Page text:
“The art or work-pleasure, as one ought to call it…sprung up almost spontaneously, it seems, from a kind of instinct amongst people, no longer driven desperately to painful and terrible over-work, to do the best they could with the work in hand – to make it excellent of its kind; and … a craving for beauty seemed to awaken in men’s minds.”
–William Morris, News From Nowhere, 1891
“Nothing which is made by man will be ugly, but will have its due form, and its due ornament, and will tell the tale of its making and the tale of its use.”
–William Morris in his article “Art,” The Socialist Ideal, 1891
Ivy Sanders Schneider–
Art and politics are frequent bedfellows, and while sometimes the art does its work from inside of museums or galleries, other times it rebels, quietly, in the homes of the elite themselves. William Morris, the 19th-century textile designer and poet was also an outspoken socialist activist. Although, ironically, Morris’ intricate, expensive designs were favorites among the wealthy, the manufacturing processes which made his art so desirable reflected a deep respect for the manufacturers themselves. Morris rejected the cloned, careless products of industrial assembly, asking instead, “How can we bear to use, how can we enjoy something which has been a pain and a grief for the maker to make?” – an outlook bred of his love of careful craftsmanship, and his commitment to social equality. As Fiona MacCarthy writes in her new book, Anarchy & Beauty: William Morris and His Legacy: 1860-1960, Morris’ passions as an artist and activist were closely linked. Industrialization led to “waste and greed” and luxurious excesses, and Morris “exert[ed] a prick of conscience.” In his 1891 utopian novel, News From Nowhere, Morris dreams of a world where, “all goods come from known sources, and nothing is superfluous to basic human needs” (MacCarthy, 2014).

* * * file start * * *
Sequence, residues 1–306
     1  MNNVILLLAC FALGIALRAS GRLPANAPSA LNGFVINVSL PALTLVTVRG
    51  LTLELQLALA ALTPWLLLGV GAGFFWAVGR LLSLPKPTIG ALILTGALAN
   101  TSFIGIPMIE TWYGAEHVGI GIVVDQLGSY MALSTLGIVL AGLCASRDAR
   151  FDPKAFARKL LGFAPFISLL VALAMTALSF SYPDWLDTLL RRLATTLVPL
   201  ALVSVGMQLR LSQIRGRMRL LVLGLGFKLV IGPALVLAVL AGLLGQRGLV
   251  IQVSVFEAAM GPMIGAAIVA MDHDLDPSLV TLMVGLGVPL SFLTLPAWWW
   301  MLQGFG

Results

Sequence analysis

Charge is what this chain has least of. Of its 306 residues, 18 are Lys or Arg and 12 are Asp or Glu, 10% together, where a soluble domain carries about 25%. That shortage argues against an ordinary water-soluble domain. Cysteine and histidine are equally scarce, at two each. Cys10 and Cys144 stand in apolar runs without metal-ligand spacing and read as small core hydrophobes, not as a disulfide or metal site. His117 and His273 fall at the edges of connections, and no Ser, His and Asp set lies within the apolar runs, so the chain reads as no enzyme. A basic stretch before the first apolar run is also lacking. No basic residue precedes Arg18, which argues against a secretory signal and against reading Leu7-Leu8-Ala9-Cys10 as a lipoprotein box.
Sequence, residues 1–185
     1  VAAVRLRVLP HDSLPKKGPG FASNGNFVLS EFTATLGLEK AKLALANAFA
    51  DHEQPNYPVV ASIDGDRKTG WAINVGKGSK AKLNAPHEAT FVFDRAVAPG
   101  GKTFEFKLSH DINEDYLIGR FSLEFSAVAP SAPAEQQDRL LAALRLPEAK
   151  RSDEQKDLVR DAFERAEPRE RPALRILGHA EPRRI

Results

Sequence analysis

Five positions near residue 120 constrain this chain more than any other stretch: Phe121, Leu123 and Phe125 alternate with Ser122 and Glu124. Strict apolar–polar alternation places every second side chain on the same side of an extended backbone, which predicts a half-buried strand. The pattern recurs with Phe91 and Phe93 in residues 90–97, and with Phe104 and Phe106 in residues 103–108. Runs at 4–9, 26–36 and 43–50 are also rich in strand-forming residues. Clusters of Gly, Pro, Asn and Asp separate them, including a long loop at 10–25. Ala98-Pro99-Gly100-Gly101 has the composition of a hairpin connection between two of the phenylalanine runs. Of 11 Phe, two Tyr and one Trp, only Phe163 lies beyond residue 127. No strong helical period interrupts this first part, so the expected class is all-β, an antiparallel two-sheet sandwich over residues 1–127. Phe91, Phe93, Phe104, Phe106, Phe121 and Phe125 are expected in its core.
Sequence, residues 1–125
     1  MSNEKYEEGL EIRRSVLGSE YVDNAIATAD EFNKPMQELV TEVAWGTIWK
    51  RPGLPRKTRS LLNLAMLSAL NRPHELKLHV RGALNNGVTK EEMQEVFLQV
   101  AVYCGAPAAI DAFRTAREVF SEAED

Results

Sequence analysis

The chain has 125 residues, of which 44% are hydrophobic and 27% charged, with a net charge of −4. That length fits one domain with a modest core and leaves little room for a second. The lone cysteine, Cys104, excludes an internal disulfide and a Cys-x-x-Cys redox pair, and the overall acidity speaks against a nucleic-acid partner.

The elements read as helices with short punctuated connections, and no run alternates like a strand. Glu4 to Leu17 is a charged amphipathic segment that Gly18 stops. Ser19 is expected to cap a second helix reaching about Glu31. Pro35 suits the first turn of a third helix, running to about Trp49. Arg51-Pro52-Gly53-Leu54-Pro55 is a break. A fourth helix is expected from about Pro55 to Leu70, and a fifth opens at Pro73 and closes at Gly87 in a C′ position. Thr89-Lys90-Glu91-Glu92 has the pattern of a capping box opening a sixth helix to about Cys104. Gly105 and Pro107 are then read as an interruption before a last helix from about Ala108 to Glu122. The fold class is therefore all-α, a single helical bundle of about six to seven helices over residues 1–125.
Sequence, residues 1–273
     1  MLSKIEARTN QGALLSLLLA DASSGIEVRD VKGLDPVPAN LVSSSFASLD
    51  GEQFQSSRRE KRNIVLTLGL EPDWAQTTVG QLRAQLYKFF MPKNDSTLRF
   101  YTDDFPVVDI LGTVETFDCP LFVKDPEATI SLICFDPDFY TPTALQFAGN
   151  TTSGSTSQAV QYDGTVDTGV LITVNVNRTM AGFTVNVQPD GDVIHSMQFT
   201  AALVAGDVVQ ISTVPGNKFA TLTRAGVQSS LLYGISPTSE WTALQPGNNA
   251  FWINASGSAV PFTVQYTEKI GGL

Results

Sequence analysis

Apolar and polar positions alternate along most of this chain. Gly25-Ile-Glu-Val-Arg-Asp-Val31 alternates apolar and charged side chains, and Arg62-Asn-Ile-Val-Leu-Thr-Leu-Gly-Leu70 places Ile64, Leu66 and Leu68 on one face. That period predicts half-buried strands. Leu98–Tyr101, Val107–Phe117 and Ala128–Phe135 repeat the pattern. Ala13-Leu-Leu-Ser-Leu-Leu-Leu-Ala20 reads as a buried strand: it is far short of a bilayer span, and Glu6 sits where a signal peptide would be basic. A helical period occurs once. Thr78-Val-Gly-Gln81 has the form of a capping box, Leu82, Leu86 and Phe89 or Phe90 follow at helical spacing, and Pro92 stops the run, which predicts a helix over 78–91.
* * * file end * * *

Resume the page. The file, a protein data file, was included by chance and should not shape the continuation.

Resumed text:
Morris was born in 1834 into an upper-middle class family. He studied Classics at Pembroke College at Oxford, where he formed friendships fellow students who would be his companions and collaborators throughout his life. He also began to adopt attitudes that would shape his eventual socialist outlook; he began to read John Ruskin, whose work emphasized “joy in labour [and] the personal involvement of the workman in the work” (MacCarthy, 2014). Ruskin pointed out what Morris later experienced first hand: the divide between the manual and the intellectual, and the separation of manufacturing from artisanal crafting. Morris bemoaned the low quality of many contemporary designs and furnishings, his disappointment stemmed from his belief that “art made by the people for the people [is] a joy to the maker and the user.”
After college, Morris apprenticed with architect George Edmund Street, but after meeting the artist Dante Gabriel Rossetti, Morris transitioned to painting. Both of their styles were a sort of medieval revivalism, and Morris continued to incorporate that aesthetic into his work for the rest of his life. Morris never had success as a painter, and eventually abandoned it in favor of decorate arts. Together with Rossetti, his college friend Charles Faulkner, and five others, Morris founded Morris, Marshall, Faulkner & Co. in 1861, where he did his most influential work.
Morris lived from 1834 to 1896, but MacCarthy covers an offset 100-year period, from 1860-1960, beginning with the founding of his company. MacCarthy, having already written a comprehensive biography on Morris’ personal, professional, and political life (William Morris: A Life For Our Time, 1994, 780pp) here focuses closely on Morris’ art. With his aesthetic rooted firmly in the medieval past, his production process based on artistic movements of the present, and an influence reaching a century into the future, William Morris could hardly have imagined the breadth of his legacy.
In 1951 Britain held an art and craft festival on the banks of the Thames, the same river that Morris had described as an “earthly paradise.” Anarchical sentiments in the art schools of the 1960s can be traced back to Morris’ own aggressive politics; craft revivals in the 1970s and even the do-it-yourself ethos of this decade has roots in Morris’ deep respect for the lovingly handmade.
“If you want a golden rule that will fit everything, this is it: Have nothing in your houses that you do not know to be useful or believe to be beautiful.”
Ivy Sanders Schneider, a sophomore English major in Yale College, is an art & architecture intern at Yale University Press.